After a series of visits of lower ranking American dignitaries, now it is time for President Joe Biden to show the unity and determination of NATO.
He is expected to travel to Brussels on 24 March, to take part in a special summit of European Union leaders and also to attend an emergency summit of the North Atlantic Treaty Organization, called by NATO Secretary General Jens Stoltenberg, in order to “discuss ongoing deterrence and defense efforts in response to Russia’s unprovoked and unjustified attack on Ukraine, as well as to reaffirm [the US’s] ironclad commitment” to NATO.
A G7 meeting is also on his to-do list and there are several bilateral meetings planned, too, for example with Boris Johnson, because, at least as White House Press Secretary Jen Psaki has announced, the president’s goal “is to meet in person, face to face, with his European counterparts and talk about and assess where we are at this point in the conflict, in the invasion of Ukraine by Russia. We’ve been incredibly aligned to date.”
As of now, there is clearly no lack of unity and generous aid for Ukraine, for sure. In a rare show of bipartisan support, the congress just approved a government spending bill that included an additional $13.6 billion aid for Ukraine, among others the authorization to transfer an additional $3 billion in defense equipment to Ukraine (and to other allies) and various humanitarian support initiatives. This comes after the US has provided $293 million in humanitarian aid to Ukraine and the neighboring countries in the past few weeks and after airlifting tons of emergency supplies to staging centers in the region.
The president is expected to have discussions about future sanctions, as it is obvious that the already imposed sweeping sanctions, thought have crippled the Russian economy, have so far failed to persuade Russia to finish the invasion. (On the contrary, with reinforcements called in from the Far Eastern regions of the country and requests for military assistance sent to allies like China, President Putin seems to be determined to continue the war.)
It is also highly unlikely that any new sanctions that the leaders can agree on can significantly alter the decisions of the Russian leadership. Possibilities include more sanctions on Russian oligarchs, additional measures restricting the access of Russian financial institutions to the international markets or maybe some limitations on the imports of Russian energy products. (The scaling up of U.S. troop deployments on NATO’s eastern flank is also an option.) Those, once again will hurt European economy almost as much as will hurt Russia.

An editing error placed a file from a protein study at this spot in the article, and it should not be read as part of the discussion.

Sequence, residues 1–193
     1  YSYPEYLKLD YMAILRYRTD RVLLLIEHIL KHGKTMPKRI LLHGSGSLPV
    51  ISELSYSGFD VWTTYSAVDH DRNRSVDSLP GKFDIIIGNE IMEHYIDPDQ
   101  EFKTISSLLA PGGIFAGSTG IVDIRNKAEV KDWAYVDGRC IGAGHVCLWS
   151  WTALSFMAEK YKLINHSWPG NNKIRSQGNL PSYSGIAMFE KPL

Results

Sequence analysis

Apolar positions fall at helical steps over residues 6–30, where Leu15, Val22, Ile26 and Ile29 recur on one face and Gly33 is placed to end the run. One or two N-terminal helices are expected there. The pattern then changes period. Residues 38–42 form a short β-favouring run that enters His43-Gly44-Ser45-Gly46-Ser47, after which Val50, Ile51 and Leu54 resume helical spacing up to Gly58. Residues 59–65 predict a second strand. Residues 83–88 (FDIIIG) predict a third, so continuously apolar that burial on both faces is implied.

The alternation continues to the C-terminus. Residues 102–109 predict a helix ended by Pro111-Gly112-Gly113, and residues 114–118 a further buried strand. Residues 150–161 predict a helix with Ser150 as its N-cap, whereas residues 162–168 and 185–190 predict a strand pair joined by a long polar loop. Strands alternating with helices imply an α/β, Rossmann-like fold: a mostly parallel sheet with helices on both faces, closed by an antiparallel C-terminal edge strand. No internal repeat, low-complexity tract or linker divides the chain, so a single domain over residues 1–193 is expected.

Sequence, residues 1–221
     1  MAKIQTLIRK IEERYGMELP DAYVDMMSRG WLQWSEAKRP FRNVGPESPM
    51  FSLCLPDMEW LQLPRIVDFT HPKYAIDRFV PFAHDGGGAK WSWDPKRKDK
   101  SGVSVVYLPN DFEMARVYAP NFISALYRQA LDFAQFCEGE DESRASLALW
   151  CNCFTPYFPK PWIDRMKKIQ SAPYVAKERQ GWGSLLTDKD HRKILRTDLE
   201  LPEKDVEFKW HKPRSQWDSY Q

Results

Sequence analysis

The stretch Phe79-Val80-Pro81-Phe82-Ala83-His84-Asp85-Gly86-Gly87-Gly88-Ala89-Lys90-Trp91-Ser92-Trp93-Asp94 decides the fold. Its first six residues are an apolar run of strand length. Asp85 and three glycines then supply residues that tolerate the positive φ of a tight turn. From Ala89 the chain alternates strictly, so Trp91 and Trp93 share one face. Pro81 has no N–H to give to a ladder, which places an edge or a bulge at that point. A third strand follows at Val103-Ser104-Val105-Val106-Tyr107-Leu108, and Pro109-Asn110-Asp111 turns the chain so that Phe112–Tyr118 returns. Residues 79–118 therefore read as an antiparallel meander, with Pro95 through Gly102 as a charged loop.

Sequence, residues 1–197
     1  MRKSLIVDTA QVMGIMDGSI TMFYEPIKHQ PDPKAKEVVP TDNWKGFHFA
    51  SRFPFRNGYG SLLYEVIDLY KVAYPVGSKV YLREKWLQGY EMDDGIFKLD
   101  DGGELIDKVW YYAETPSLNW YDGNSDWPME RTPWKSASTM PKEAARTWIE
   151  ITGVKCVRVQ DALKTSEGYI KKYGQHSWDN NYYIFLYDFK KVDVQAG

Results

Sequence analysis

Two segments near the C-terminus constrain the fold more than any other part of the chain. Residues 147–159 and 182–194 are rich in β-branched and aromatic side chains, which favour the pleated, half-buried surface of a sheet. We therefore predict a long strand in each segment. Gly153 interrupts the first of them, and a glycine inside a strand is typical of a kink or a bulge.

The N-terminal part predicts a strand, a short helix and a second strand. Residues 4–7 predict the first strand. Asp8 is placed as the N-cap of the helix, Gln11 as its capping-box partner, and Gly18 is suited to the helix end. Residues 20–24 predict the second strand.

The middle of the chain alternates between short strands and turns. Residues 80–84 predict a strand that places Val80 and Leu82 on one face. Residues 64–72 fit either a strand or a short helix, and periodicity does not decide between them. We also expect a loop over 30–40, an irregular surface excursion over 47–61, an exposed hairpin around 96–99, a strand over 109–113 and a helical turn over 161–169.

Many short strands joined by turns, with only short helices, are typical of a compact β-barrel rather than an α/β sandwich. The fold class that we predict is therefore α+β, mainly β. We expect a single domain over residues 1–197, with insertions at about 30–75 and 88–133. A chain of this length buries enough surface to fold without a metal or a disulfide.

For now, Europe was willing to pay the a very high price for the peace, even if it might not seem so from Ukraine’s point of view, as it is obvious from President Zelenskiy’s demands, who keeps on reminding Western politicians that his country would need more, like he did with Canadian lawmakers, telling them, “Can you imagine when you call your allies, and you ask, “please close the sky, close the airspace, please stop the bombing, how many more cruise missiles have to fall on our cities until you make this happen?” And in return, they express their deep concerns about the situation.”
Already high energy prices are soaring higher, inflation is skyrocketing … and the real price to be paid would only be seen in months, when disrupted supply chains would be rearranged and the new price tags on raw materials and on basic food items would be set. Even staunchly pro-Russian Bulgaria announced that when the country’s 10-year deal with Gazprom expires at the end of 2022, Bulgaria would look for other sources to lessen its dependence on Russian gas.
Though it is unlikely, but a complete ban on Russian oil and gas would put several EU members, from Germany through the Baltic states to Italy or Hungary into a tough spot, as they are all heavily dependent on Russian energy. As the U.S. is less dependent on Russia (energy-vise) it is easier to push for such decisions.
After those high-profile meetings, the president plans to visit Poland.
Despite the suggestion of former Ukrainian President Petro Poroshenko, who said that a visit to the country would be a “symbol of solidarity”, there are no plans to visit Ukraine, repeating the bold or (maybe even) daring step of the Polish, Slovenian and Czech prime ministers, to meet Ukrainian President Volodymir Zelenskiy, who’s rather relied on televised appearances in his campaign of outreach to address various national parliaments asking for additional military support.
Like a no-fly zone, a demand that had been rebuffed on several occasions. A wise decision, probably, given that Russia might find it a justification to launch, a however symbolic, attack on a NATO member in retaliation, labelling a no-fly zone as “direct confrontation”.
There is also a request (supported by various EU leaders), that some form of international peacekeeping mission could guarantee the peace in Ukraine.
But for that, first peace should be achieved.